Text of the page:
The Right Pet? 

That’s just a fact. But there are a lot of things to consider when thinking about getting any animal as a pet, so we’re outlining why you need a pig and why you might think twice.

Pigs are very trainable, as they are very very intelligent! Pigs are like 3-year-old children - intelligent, curious, mischievous and sometimes manipulative. They are sensitive creatures that can be playful, and even humorous. In the intelligence scale, they are only two species away from the intelligence of humans! Only the monkey/ape family and the dolphin/whale families are more intelligent.

Pigs don’t have coats, so they don’t shed dander like cats and dogs. That means they tend not to aggravate allergies in people with pet allergies
You can litter train them, and teach them tricks just as you would a dog. They are clean, generally non-allergenic, odor-free, flea-free, charming and inexpensive to feed. Pigs are social, bonding easily with humans. When you bond with a pig, its a bond like no other animal.  They’ll readily roll over for a tummy rub, as well as snuggle with you. They don’t bark, prowl the streets or spread rabies. Compared with dog droppings, mild smelling “pig berries” are a breeze to clean up. Pigs are motivated by food, so treat-based positive reinforcement training is best. You can take them for walks, and you can usually use products made for dogs, including leads, bowls and adorable little jackets and outfits.

Piggies are "special" animals and owners who take the time to understand the psychology of piggies bond very closely with their piggies. Many owners sleep with their pigs, travel with their oinkers, dress them in costumes and share every aspect of their lives with their piggy companions. Piggies love to have their tummies scratched, and to snuggle with their owners. 

Pigs don’t have sweat glands, so they don’t generate their own funky smell. The males only begin to stink because when they mature they develop scent glands that smell awful. Neutered and female pigs don’t develop these glands, so they never really smell bad in and of themselves.

Pigs are very sociable, and they get on well with other household pets, especially if they are introduced to other animals at a younger age.
Pigs love to be in blankets, and not just during winter holidays. They love their blankets all the time. Digging around in blankets helps alleviate their rooting instinct, and when they do that, you’ll have a pig in a blanket.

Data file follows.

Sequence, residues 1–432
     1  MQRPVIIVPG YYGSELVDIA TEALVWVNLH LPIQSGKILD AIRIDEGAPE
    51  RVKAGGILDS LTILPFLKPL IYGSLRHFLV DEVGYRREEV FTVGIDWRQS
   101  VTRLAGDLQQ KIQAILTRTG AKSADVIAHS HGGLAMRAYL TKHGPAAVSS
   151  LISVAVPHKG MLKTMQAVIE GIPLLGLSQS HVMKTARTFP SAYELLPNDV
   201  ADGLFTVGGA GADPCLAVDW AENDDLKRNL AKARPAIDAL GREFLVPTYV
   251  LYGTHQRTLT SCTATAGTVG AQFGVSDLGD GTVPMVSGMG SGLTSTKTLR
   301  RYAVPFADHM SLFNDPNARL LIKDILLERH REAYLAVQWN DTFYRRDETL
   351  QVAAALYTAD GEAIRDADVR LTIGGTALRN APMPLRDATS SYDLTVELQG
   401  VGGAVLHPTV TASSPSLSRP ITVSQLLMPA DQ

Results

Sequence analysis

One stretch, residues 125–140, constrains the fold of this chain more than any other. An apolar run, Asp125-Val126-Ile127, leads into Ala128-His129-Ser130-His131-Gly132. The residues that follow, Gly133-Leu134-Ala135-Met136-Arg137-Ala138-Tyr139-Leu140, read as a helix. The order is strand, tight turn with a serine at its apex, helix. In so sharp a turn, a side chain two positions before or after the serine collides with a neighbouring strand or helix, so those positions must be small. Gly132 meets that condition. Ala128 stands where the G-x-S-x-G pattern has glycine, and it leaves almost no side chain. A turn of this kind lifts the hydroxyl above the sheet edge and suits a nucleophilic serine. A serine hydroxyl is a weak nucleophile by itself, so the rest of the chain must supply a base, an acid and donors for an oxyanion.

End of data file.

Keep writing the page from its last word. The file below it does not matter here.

While pigs are highly trainable and can learn at a faster rate than dogs, pig behavior is vastly different from dog behavior. As eager as a dog can be to please his master, a pig’s respect, trust and cooperation must be earned.

Piggies are herd animals with a strong pecking order. If they are spoiled, they often become territorial, and aggressive towards humans, especially house guests. The pigs have an instinctual urge to be "Top Hog," and defend their turf. Pigs with lots of subtle, daily discipline and boundaries in the home, do not exhibit this phenomena. The oinkers must be taught the word "NO" and to respect humans. 

Piggies enjoy time outdoors, in a fenced yard (secure from hostile dogs) and/or taken on daily walks. This cuts down on household territorialism, and gives the pig something to do. Pigs root, although this can be somewhat curtailed. They rarely get fleas, but do get mange, which is easily treatable. All in all, pigs have the potential to be the BEST pet, or the very WORST pet. It really depends upon the expectations and efforts of the owners. 

If you are getting a pig for a teenager, ask yourself if you are prepared to take care of the pig when your child gets busy with high school activities. Who will take care of the pig when your child leaves for college or first job? Proceed with caution when getting a pig for young children. Children of any age are frequently intrigued with the idea of getting a pet pig, but quickly the responsibility of daily care falls in the hands of parents. Are you prepared for that?

You need to know the legalities of owning a teacup pig in your area. They can be considered livestock or exotic animals and not always allowed in neighborhoods. 

Standard procedures for cats and dogs, like spaying and neutering, need to be done by a specialist on a pig. This is important because you have to spay and neuter pigs (all or our male pigs are neutered, but our females are too tiny for the surgery until they are 4-5 months of age). If not spayed or neutered, piggies can become unmanageable.   

Pigs need access to water, as they love to play in it. If you get a teacup pig, get a little shallow kiddy pool. 

Pigs don’t have anything that regulates their hunger, so they are always hungry. They can learn how to open fridges and cabinets to get to food so it's best not to give them food from a cupboard - they will remember which cupboard they need to open!


Some people think they would be too much hassle, and other families couldn’t imagine their lives without their pigs. Like any animal, you have to weigh the benefits and the disadvantages and make an informed decision about whether or not you can handle the responsibility and whether or not the animal will be happy with the life you can give them. It’s not a decision to make lightly, because you don’t want to put a pig in an animal rescue just for being itself!  By far, the hardest thing I do is helping a pig when it has been returned getting over its depression.